Has the UK Singles Chart become stagnant, and is it the fault of streaming?

The music industry is failing to break new acts, particularly those from the UK, says Jamie Milton 

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The Independent Culture

This week, Drake was knocked off the number one spot of the UK Official Singles Chart, after 15 weeks at the top. Usually, a single enjoying this kind of chart dominance doesn’t attract so much negative attention. But many industry figures claim Drake’s supreme spell points to a wider problem. Not enough new entries, too few breaking acts – has the singles chart become stagnant, and is it the fault of streaming? 

Credit to Drake, the charts always have and always will represent popular taste. “One Dance” doesn’t take advantage of some glitch in the system. Nor is it an anomaly in his career. It’s a great pop song that follows the equally crowd-pleasing “Hotline Bling”, and it’s taken from Views, an album that’s spent 12 consecutive weeks at number one in the US Billboard 200. What makes the single slightly different is that it experienced 15 weeks at the top without ever being backed by a music video. The only slight push occurred when, 14 weeks in, its price on the iTunes chart was dropped to 59p. But these aren’t conditions that could truly define one song’s success.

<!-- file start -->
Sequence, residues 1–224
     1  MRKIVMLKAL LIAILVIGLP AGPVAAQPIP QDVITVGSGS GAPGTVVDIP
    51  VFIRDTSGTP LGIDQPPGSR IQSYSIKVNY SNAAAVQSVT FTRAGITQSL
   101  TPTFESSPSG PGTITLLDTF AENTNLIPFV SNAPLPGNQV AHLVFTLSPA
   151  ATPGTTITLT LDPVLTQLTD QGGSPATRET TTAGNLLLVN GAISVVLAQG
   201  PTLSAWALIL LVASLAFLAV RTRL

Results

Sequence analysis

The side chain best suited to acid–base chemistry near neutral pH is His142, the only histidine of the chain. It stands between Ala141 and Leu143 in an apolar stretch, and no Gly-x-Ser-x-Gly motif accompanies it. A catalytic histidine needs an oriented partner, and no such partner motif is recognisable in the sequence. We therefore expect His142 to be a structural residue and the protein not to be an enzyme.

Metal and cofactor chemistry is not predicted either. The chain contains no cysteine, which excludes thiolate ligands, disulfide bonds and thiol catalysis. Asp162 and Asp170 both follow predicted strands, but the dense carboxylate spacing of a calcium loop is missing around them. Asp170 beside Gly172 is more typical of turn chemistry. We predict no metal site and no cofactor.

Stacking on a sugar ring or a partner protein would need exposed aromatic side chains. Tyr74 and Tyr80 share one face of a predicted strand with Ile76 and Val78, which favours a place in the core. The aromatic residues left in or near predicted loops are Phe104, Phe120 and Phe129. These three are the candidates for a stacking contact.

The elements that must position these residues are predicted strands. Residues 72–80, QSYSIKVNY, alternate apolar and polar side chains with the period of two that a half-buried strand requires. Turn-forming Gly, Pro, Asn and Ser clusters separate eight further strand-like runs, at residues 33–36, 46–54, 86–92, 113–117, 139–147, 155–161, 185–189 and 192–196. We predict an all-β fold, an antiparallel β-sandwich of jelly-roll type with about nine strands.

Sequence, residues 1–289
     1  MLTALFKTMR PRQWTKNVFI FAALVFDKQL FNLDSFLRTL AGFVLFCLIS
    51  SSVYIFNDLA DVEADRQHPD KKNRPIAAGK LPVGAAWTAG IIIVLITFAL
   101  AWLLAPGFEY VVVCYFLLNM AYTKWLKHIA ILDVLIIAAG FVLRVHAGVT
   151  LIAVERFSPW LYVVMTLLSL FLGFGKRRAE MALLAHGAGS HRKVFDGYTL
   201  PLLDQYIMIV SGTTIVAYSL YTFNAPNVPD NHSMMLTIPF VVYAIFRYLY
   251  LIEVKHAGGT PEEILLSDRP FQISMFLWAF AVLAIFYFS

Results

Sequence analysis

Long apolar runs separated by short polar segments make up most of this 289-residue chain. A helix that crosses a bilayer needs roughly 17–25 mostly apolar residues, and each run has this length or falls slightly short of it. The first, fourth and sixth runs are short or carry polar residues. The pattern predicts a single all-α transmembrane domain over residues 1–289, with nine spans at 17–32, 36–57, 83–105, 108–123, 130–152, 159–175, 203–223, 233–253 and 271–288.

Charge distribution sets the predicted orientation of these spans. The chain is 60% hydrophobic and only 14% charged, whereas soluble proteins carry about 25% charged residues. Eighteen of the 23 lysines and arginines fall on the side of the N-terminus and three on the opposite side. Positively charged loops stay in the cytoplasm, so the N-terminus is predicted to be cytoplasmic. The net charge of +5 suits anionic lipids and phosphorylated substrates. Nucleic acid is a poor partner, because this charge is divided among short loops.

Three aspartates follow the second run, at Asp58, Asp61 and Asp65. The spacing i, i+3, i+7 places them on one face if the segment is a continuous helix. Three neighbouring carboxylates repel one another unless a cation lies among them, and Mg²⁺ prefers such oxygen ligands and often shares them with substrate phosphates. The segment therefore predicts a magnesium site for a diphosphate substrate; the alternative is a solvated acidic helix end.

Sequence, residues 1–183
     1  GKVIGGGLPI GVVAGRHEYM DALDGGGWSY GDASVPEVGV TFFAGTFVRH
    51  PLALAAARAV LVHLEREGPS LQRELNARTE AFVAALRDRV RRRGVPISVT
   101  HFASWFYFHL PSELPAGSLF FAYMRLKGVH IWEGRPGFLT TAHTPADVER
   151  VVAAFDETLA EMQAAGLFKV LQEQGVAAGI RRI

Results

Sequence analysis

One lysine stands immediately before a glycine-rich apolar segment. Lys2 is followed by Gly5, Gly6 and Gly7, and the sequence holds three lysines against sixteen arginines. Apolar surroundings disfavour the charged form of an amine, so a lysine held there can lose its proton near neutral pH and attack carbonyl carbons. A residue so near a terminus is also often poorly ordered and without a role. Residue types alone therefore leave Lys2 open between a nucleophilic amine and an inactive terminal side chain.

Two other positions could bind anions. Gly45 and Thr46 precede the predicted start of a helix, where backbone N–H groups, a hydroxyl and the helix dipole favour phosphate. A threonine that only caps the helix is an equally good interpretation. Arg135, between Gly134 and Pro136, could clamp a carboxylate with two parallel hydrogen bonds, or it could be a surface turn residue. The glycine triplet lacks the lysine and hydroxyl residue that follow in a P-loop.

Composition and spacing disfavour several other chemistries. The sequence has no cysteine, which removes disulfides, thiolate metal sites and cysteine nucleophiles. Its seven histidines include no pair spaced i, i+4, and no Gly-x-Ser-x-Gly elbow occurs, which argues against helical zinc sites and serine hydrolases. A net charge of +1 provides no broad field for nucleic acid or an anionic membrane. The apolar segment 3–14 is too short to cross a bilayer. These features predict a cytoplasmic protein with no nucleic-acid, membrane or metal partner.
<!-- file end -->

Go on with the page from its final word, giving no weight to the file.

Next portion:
Since 2014, the chart has counted 100 streams as the equivalent to one paid download or physical sale. This is a fairly standard measure that applies to charts worldwide. And it’s difficult to argue that the numbers aren’t balanced. This week’s chart-topper, Major Lazer ft Justin Bieber and MØ’s “Cold Water”, scored 47,000 downloads and 5.6 million streams, the latter number translating to 56,000 sales. A stream might be a more passive form of supporting artists, but that doesn’t mean it shouldn’t count in some form.

What’s more, Drake’s dominance doesn’t link to a general lack of chart-toppers. Seven different artists have held the number one spot this year. The figure is significantly lower than the half-yearly average since 2000 (13.7 per six months), but it near enough aligns with 2007, when 16 different artists topped the charts, one of which was Rihanna ft Jay Z’s 10 week run, with “Umbrella”.

But the debate isn’t just around acts at the top. It relates more to new artists, struggling to break into a remarkably stagnant Top 10. As Music Business Worldwide points out, as of 11 July, just 14 songs shared the top 10 slots in the space of six weeks. Four of these were new entries, one of which was from Adele. 

Is this an effect of streaming, or a wider problem where the industry itself is failing to break new acts, particularly those from the UK? Take this year’s BBC Sound of 2016, an annual poll of the new artists expected to have an impact in the next 12 months. Of those tipped for success, just one (Dua Lipa) has charted a top 20 single so far this year. Two acts, Jack Garratt and Nao, released top 20 albums. The rest are mostly biding their time or being forced to push album releases back, in order to build more attention. These new acts are being given a perceived timeframe to break through, but 12 months isn’t nearly enough to go from a nobody to a superstar.